5. Fat Content: The concentration process also increases the fat content proportionally, which can contribute to a richer mouthfeel and flavor in the finished pie.

Find out how you can thicken pumpkin pie filling here.

Can I Make Pumpkin Pie Dairy-Free?

Pumpkin Pie on a Glass Pan

Absolutely! Making a dairy-free pumpkin pie is not only possible but can be equally delicious. There are several dairy-free milk alternatives available that can be used as a substitute for evaporated milk. 

“Crafting pumpkin pie without evaporated milk is like painting a new shade of autumn; it’s a delicious twist on tradition.”

– Leonelli Bakery

Options like coconut, almond, and soy milk are popular choices. Coconut milk, in particular, is a favorite among many due to its natural creaminess and slightly sweet flavor, which complements the pumpkin well. 

Using these alternatives, you can enjoy a dairy-free and delightful pumpkin pie that caters to dietary needs without compromising on taste.

But how do you keep pumpkin pie from cracking?

Will My Pie Taste Different Without Evaporated Milk?

Substituting evaporated milk [2] can introduce a variation in flavor and texture to your pumpkin pie.

Evaporated milk offers a distinct creamy texture and a slightly caramelized taste due to its concentration process. 

The pie’s taste will reflect that choice if you use an alternative, such as regular milk, heavy cream, or a dairy-free option. For instance, coconut milk might add a tropical hint, while heavy cream will make it richer. 

However, while the flavor may vary, it doesn’t mean it’s any less delicious; it simply provides a unique twist on the traditional taste.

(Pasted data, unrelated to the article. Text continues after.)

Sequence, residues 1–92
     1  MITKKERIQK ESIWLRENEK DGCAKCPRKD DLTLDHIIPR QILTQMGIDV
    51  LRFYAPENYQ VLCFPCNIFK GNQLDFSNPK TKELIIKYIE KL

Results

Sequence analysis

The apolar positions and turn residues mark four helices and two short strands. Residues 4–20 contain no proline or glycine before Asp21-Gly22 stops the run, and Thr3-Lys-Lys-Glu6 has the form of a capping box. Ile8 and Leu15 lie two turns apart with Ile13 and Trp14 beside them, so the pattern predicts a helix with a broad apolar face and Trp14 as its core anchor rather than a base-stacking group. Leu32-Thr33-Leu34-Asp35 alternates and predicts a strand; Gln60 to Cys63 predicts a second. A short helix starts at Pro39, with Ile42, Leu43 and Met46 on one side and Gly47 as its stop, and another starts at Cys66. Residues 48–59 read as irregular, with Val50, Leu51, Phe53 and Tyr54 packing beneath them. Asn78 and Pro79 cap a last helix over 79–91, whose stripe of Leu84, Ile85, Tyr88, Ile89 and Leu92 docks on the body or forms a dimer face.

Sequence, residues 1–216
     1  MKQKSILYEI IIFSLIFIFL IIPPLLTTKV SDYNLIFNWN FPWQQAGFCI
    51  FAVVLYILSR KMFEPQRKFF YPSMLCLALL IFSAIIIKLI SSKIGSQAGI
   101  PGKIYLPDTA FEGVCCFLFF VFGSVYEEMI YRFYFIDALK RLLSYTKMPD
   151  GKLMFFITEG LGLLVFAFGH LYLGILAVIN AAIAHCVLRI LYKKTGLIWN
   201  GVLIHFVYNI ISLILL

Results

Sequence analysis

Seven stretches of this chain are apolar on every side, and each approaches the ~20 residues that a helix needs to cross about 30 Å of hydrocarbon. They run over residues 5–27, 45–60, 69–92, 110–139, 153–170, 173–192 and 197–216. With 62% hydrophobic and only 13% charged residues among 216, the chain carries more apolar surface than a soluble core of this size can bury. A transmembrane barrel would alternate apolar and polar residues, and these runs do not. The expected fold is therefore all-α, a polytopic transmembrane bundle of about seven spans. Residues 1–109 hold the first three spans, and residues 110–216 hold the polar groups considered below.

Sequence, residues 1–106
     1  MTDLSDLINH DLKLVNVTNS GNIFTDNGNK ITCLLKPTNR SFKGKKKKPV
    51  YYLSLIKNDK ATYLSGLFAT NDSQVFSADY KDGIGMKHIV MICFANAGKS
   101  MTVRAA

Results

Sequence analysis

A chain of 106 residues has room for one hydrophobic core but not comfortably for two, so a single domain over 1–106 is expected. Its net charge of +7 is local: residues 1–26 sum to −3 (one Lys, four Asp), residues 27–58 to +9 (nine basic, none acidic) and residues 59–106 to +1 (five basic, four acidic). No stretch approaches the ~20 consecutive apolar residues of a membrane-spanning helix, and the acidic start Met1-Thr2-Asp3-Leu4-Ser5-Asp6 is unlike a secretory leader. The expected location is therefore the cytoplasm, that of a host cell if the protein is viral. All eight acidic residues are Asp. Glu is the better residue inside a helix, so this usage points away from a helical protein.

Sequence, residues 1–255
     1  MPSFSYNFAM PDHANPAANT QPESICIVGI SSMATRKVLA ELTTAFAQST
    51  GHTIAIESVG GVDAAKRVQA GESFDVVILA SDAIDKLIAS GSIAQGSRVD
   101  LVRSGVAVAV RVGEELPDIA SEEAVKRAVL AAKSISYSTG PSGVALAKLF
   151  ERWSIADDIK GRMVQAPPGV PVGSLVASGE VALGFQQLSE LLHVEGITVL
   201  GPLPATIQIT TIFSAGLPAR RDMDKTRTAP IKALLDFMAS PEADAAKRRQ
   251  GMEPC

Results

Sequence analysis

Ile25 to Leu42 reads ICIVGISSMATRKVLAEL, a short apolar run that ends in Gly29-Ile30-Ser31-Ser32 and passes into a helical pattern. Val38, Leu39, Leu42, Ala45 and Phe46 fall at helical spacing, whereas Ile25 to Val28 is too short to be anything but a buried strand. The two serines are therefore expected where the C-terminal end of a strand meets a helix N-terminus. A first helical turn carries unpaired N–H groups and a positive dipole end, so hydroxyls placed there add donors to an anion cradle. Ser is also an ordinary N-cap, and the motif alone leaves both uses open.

Also Read: How Long Will Costco Pumpkin Pies Last?


Can I use regular milk instead of evaporated milk?

Yes, you can use regular milk instead of evaporated milk in pumpkin pie, but it may have a slightly different texture and flavor.

Consider using a thickening agent or reducing the milk quantity slightly to achieve a similar consistency.

What about using heavy cream or half-and-half?

Yes, heavy cream and half-and-half can substitute evaporated milk in pumpkin pie, resulting in a richer and creamier texture.

You might also like to read about when the pumpkin pie blizzard will come out here.

Final Thoughts

While evaporated milk is a traditional ingredient in pumpkin pie, it’s not the only option. 

You can create a pie that suits your dietary needs and taste preferences by experimenting with alternatives like regular milk, heavy cream, half-and-half, or even dairy-free options like coconut or almond milk. 

Each substitute offers a unique twist to the classic flavor and texture, allowing creativity even in time-honored recipes. 

The key is to adjust consistency and flavor as needed, ensuring that your pie remains delicious and satisfying. 

Embrace the chance to make your pumpkin pie signature for health reasons or just a fun culinary experiment.


Lori Walker